He feels the historian educator has an obligation to inspire young students. Fullinwider feels they must be careful with details. (Fullinwider, 1996, p. 209) “Students need a usable past.. a past in which they can find values and projects to take as their own legacies. As heirs, they define their own lives around goals and commitments that build on what came before.”(Fullinwider, 1996, p. 222) Thomas Jefferson was a major political participant in the constitution and is easily recognized as a leading figure in enlightenment, freedom and inequality. However, Jefferson was a slave owner. If we focus on the negative aspects of Jefferson hypocrisies then we fail as educators to inspire children on key American democracy ideals of freedom and inequality. Martin Luther King, is a national figure and a key leader in the American civil rights movement. However, he plagiarized his doctoral thesis and had numerous infidelities. Fullinwider believes it is not important to teach upon the negatives of Martin Luther King. In an 8th grade text books need to leave certain things out.

There are developmental considerations when teaching history is the age and the emotional maturity of the students. (Fullinwider, p. 218) Yes, the 8th grade teacher will have to discuss American history figures that are controversial. However, the in depth lectures on the figures will be better served if discussed in higher education. The higher education students are more mature and can handle ambiguity. I feel Martin Luther King Jr.’s infidelities and plagiarism are not the vocal point of American civil rights history. King Jr.’s leadership and equality speeches changed the course of American history. Our young 8th grade students associate great people with great things and at this point in there stage of child development (Fullinwider, 1996, p. 218). By exposing our 8th grade students to the plagiarism and infidelities of a person with a National holiday it would fill their heads and moral compasses with ambiguity. Also, an important lesson of taking a stand for what you believe in and the lesson of leadership could potentially be devalued by discussing the negatives of his personal life.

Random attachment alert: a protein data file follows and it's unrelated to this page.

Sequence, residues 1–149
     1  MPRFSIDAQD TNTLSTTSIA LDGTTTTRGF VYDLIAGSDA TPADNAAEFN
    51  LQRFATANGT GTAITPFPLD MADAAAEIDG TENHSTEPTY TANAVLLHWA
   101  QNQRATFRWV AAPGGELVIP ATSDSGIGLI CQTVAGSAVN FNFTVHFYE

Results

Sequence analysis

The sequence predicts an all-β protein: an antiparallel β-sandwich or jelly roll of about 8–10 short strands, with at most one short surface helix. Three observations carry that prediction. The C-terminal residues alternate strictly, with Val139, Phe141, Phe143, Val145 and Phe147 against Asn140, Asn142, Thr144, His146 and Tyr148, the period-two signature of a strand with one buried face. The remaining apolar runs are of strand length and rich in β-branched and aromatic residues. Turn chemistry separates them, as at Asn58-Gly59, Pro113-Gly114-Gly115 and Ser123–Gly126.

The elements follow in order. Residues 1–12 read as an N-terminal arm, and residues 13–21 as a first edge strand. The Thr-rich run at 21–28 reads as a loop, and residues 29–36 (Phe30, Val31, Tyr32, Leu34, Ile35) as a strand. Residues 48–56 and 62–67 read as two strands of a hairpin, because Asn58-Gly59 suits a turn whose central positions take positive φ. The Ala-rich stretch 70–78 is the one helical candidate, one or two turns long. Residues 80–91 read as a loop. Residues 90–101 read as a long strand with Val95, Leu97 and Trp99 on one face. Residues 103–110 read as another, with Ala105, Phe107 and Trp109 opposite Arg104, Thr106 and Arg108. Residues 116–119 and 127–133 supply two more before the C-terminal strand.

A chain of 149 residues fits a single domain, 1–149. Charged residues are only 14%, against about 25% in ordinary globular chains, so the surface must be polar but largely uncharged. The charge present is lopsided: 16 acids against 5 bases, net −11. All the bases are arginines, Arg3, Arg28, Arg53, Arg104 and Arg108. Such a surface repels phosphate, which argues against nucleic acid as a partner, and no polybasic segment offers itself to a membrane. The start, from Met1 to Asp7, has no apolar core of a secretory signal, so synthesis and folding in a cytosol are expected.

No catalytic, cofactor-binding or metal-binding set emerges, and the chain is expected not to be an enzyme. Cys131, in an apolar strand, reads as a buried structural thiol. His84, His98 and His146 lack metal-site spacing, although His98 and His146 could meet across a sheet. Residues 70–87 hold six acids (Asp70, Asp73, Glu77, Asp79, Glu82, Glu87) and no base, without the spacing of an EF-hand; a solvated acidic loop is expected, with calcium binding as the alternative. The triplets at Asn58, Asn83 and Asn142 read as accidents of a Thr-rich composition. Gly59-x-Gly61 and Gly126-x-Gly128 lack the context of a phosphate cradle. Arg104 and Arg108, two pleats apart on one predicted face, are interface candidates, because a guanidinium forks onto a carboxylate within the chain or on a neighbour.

Brighouse’s had many intelligent objections to teaching patriotism in schools. Brighouse believed by teaching patriotism xenophobia and racism could occur. He believed indoctrination could cause patriots to ignore their obligations to interest of foreigners (Brighouse, 2006, p.100). Brighouse had a valid point; if we are too focused on our fellow patriots then we could ignore unjust and catastrophic events in other parts of the world. With the rise of globalism, I agree it is imperative for the citizens of the United States to care for the citizens around the world. Everything in this world is interconnected and we all depend on each other for a flourishing life. However, in America we teach a patriotic history and in 2011 the U.S was the most charitable nation in the world. There are poor citizens in the United States that need more charity; however $212 billion charity dollars did not stay in the United States (Goldberg, 2011). A part of American patriotism is to help nations in distress or on the brink of national disaster. It is not just the aid of money; it is American troops and resources sent to help citizens of other countries when a dictator is out of line or when a tsunami hits. Are the intentions of Americans pure? This is certainly debatable.